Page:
By JIM PURCELL
When it is on the job, the AC-130 makes it rain steel. In short, it's a beast.
Lockheed built 47 AC130s within about a 50-year period for the United States Air Force. If an enemy were to see one coming during any of the wars between that time, there was the distinct possibility it would be among the last things they ever saw.
|The AC-130 has been on the job since 1967|
The AC-130 gunship is a heavily armed, long-endurance ground attack variant of the C-130 Hercules transport. It has served since 1967, into today. Throughout the life of the AC-130, there have been five variants of it: the AC-130A, AC-130E, AC-130H, AC-130J and AC-130U.
The AC-130’s wingspan stretches 133 feet and it travels at 299 miles per hour, which is hard to outrun from the ground.
The armaments aboard the AC-130 says it all. The AC-130A is armed with four 7.62mm GAU-2/A miniguns and four 20mm M61 Vulcan cannons. This variant could also alternately be armed with a “surprise package” of two 7.62mm GAU/2A miniguns, two 20mm M61 Vulcan cannons and two 40mm L/60 Bofors cannons.
The AC-130E Pave Aegis took armaments to the next level, being equipped with two 20mm M61 Vulcan cannons, one 40mm L/60 Bofors cannon and one 105mm M102 Howitzer. This array was also used for the AC-130H Spectre gunship.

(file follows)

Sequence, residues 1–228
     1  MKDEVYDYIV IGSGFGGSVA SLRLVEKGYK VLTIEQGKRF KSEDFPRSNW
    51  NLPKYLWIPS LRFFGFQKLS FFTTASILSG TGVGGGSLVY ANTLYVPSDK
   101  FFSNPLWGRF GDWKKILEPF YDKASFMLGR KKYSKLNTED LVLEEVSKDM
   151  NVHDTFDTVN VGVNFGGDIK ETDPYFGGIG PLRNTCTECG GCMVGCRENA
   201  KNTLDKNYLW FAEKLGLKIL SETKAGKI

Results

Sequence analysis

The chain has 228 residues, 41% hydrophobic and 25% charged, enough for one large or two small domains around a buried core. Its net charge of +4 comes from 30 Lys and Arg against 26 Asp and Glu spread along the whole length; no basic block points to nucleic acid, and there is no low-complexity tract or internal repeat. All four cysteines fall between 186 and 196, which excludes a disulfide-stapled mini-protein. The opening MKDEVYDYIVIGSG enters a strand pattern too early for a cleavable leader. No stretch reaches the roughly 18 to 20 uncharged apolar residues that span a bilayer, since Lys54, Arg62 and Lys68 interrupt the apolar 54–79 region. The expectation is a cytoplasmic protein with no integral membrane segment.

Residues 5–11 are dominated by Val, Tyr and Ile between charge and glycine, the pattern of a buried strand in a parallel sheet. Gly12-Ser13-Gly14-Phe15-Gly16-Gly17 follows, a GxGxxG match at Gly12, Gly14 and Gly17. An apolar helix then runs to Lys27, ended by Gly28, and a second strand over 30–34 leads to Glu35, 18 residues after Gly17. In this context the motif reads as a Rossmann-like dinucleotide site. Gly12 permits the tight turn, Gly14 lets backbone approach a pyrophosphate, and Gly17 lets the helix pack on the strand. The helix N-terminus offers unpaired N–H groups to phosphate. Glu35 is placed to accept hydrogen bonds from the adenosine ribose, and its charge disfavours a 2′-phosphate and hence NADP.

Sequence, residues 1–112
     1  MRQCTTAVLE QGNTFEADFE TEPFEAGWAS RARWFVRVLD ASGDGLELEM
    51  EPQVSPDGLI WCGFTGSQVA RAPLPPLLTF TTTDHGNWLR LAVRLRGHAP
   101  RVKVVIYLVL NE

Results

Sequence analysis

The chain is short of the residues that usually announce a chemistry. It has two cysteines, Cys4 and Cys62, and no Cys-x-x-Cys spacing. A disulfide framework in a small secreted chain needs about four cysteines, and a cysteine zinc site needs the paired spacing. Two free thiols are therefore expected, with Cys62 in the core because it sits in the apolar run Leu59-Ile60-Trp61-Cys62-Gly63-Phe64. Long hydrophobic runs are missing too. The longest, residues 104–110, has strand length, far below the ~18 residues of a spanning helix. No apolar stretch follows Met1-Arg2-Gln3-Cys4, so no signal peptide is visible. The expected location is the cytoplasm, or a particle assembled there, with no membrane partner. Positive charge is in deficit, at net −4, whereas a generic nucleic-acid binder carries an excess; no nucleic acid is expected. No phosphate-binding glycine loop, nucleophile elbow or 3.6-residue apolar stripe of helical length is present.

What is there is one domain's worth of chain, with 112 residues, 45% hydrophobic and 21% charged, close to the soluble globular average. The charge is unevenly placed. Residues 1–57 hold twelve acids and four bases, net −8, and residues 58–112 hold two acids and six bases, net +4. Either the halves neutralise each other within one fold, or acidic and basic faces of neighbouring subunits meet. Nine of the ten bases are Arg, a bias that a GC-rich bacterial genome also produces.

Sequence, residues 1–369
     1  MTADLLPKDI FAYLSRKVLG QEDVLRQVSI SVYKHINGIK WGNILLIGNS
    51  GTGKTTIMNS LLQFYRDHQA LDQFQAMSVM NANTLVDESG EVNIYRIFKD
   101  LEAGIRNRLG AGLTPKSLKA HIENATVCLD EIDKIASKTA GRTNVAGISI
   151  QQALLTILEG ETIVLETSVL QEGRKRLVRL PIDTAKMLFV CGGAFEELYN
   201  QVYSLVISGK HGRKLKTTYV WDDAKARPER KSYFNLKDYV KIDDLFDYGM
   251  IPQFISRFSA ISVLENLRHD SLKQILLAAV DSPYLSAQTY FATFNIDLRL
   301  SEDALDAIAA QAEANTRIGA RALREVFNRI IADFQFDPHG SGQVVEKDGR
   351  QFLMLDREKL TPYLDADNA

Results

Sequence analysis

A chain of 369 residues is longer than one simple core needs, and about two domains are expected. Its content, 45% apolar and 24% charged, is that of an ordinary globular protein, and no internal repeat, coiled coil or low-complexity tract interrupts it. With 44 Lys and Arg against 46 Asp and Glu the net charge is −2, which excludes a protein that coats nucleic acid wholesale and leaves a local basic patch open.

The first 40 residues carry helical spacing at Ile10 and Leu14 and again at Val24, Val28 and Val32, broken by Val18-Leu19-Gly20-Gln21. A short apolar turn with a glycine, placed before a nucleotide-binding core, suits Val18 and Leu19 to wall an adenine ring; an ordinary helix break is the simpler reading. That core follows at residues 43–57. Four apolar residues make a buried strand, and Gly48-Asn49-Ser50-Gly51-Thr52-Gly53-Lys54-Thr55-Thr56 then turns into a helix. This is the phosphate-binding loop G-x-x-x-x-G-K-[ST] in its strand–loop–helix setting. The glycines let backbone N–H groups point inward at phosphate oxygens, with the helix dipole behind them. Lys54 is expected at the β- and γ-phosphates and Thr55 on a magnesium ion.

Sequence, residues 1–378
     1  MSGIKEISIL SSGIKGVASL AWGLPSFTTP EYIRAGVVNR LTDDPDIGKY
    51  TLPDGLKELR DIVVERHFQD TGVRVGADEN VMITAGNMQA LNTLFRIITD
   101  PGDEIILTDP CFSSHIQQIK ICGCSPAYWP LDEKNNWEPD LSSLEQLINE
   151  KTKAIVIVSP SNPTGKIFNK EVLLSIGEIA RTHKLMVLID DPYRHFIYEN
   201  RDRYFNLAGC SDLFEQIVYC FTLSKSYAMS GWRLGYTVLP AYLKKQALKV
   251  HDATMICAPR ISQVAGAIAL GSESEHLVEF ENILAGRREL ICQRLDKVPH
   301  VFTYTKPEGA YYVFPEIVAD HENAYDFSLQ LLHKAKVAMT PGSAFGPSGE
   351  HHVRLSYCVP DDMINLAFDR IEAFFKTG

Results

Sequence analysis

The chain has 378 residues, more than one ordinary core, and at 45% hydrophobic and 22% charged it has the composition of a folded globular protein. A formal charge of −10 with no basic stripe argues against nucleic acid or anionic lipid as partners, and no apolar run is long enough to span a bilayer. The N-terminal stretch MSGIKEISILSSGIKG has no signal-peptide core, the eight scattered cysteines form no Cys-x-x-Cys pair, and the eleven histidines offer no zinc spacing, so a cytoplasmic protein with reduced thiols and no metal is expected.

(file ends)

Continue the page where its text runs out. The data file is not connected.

During its flight, the AC-130 has an unpressurized cabin, with weaponry mounted to fire from the port side of the fuselage. When the plane is going to attack, its pilots would execute a pylon turn, flying in a large circle around their target. This allowed for the crew to unload the plane’s ordnance for a longer duration than most conventional strafing runs.
|The AC-130 opens up against a target|
The AC-130 line of aircraft traces its origins to Wright-Patterson Air Force Base, in Ohio. It was there that the first Hercules C-130 transport was transformed into the offensive monster that is the AC-130. The plane replaced the Douglas AC-47 Spooky gunship.
The Air Force was seeking a successor to the Spooky in order to improve mission endurance and capacity to carry munitions. The AC-130 was able to accommodate these specifications with ease over the older plane.
During 2007, the Air Force Special Operations Command initiated a program to upgrade the AC-130’s armaments. The test program planned for the 25mm GAU-12/U and 40mm Bofor cannons on the AC-130U to be replaced with two 30mm Mk44 Bushmaster II cannons. However, this program was canceled the following year, after it was discovered that the Bushmaster cannons did not have the accuracy needed to replace the 25mm GAU-12/U and the Bofor cannons.
During its long service, the AC-130 has seen service in every American conflict and war, beginning with the Vietnam War. In addition to wartime service, the AC-130 has been called upon for standby during U.S. operations in Central America during the 1980s.
As time goes by, some things change – and some things don’t. The AC-130’s variants continue to be a force to be reckoned with on modern battlefields. With its potent punch from the sky, it can easily be characterized as ‘the infantryman’s best friend.’